Beit Ur: Several thousand Palestinians attended the funeral Thursday of a 15-year-old shot dead by Israeli troops who apparently mistook him for a stone-thrower, while new details of the incident emerged.
As the procession of mourners left the home of the teenager’s family in Beit Ur near Ramallah in the occupied West Bank, his mother demanded justice.
“It was not a mistake,” Amal Badran said. “They have to be held accountable. Justice must be carried out.”
She said her son had suffered an injustice “like all of the Palestinian people.”
Her son, Mahmoud Rafat Badran, was returning from a visit to a water park early Tuesday when police opened fire on the car in which he was travelling, killing him and wounding four of his teenage cousins.
The incident sparked outrage and renewed debate over when Israeli forces should open fire.
The military said the overnight shooting followed stone-throwing at Israelis travelling on a road that cuts through the West Bank for several kilometres (miles) on its way from Jerusalem to Tel Aviv.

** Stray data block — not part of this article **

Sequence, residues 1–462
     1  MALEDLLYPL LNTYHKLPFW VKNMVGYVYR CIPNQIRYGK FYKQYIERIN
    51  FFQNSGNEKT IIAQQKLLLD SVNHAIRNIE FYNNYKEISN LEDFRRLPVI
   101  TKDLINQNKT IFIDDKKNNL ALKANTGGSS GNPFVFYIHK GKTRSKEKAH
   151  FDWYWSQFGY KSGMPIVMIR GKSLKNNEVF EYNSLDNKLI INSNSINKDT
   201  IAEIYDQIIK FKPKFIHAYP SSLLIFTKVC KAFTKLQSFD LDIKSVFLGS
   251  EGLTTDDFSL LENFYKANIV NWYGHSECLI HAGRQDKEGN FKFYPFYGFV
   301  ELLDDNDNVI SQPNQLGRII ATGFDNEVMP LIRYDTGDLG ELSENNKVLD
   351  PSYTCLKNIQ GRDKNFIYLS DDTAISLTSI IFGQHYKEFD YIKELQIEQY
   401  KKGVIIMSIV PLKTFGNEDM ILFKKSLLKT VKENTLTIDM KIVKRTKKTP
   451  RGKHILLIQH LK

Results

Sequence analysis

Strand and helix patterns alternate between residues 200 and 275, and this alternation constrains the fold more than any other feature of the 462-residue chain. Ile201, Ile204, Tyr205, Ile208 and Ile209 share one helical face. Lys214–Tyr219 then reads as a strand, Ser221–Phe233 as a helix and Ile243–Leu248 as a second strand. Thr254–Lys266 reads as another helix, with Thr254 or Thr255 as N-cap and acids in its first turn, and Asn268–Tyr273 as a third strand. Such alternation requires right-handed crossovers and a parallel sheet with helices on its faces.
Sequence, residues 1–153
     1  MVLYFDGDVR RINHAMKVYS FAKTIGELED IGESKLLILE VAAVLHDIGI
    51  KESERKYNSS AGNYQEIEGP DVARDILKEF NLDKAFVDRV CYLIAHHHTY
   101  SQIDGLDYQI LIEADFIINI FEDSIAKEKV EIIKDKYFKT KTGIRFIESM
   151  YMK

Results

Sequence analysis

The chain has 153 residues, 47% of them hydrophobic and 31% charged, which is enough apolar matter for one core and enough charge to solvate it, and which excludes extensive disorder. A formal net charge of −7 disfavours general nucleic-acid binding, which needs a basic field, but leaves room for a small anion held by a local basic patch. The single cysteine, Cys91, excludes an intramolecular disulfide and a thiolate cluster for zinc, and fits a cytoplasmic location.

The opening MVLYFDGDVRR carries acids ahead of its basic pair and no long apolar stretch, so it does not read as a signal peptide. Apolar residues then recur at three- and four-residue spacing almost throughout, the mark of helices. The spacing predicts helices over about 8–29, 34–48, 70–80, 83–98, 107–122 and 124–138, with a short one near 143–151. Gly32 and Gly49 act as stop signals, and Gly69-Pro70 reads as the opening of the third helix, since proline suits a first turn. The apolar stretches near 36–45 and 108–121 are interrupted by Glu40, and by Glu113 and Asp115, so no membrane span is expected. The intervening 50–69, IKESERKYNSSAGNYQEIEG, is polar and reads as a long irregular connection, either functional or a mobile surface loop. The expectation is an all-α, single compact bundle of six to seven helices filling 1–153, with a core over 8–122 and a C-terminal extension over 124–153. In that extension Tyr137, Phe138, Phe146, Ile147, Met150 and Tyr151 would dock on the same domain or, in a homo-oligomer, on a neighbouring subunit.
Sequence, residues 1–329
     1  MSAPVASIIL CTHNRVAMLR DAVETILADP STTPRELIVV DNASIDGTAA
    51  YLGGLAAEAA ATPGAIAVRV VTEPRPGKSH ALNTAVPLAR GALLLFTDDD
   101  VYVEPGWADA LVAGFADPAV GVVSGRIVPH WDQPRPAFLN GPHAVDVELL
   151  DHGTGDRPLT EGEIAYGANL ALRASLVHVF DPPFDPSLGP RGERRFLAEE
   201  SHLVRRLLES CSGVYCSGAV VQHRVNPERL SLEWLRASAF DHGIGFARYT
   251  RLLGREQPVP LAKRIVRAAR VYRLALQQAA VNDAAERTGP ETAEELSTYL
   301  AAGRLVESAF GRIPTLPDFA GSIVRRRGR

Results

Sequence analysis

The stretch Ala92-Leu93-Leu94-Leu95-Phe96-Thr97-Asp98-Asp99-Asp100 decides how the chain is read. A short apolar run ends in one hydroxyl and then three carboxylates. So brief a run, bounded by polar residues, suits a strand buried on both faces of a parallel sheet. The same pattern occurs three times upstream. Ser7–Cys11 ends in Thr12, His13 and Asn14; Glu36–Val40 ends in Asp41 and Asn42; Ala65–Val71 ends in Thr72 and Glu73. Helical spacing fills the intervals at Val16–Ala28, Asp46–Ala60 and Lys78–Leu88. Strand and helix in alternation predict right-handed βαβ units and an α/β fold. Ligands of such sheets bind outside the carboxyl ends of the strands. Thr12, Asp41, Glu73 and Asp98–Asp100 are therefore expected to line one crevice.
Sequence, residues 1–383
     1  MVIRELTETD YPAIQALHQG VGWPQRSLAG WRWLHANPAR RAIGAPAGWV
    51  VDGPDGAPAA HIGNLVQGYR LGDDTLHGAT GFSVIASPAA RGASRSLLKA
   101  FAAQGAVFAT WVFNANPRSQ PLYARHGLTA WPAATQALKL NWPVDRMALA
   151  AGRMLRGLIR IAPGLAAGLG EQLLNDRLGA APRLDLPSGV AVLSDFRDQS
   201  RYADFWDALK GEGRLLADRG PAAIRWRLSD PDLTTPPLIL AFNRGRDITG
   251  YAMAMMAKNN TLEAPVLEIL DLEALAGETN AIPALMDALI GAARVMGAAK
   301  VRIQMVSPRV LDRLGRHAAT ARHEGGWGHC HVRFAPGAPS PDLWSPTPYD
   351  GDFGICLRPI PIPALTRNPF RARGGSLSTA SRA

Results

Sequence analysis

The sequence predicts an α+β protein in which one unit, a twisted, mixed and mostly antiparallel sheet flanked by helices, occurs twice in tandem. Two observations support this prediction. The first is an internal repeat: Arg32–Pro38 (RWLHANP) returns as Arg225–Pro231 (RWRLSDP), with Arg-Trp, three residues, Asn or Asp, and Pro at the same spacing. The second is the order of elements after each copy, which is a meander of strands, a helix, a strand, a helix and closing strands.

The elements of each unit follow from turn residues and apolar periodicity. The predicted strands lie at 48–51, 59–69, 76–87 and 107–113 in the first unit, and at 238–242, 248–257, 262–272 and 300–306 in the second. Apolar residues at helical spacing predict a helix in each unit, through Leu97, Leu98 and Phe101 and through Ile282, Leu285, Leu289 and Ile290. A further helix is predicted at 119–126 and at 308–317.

Israeli media reported two foreigners and one Israeli lightly wounded by stone-throwing. The stone-throwers were also said to have hurled firebombs at passing cars and poured oil on the road.
The army initially said troops fired toward the assailants, but it has since revised its account, saying a probe has shown that Badran and the others were shot by mistake.
An investigation has been opened into the circumstances of the incident.
Israeli newspaper Haaretz reported Thursday that a vehicle transporting a platoon commander and two soldiers had been hit by stones in the area and they made a U-turn to search for the perpetrators.
The officer and one of the soldiers exited their vehicle, later opening fire on a car travelling at high speed which they believed to be carrying the assailants, the paper reported, citing testimony in the probe.
The paper said the officer had “fired many bullets.”
Palestine Liberation Organisation secretary general Saeb Erekat has harshly condemned the shooting, saying Badran had been “murdered” and calling it a “cold-blooded assassination”.
Israeli rights group B’Tselem said its research indicated “soldiers arbitrarily fired at the car, having no indication that any of its passengers had been involved in stone or Molotov cocktail throwing.”
“This shooting incident is a direct result of military policy which enables, despite the official prohibition in the open-fire regulations, to use deadly fire even in cases where there is no threat to life and even when the soldiers have other, non-lethal, means at their disposal,” the rights group alleged.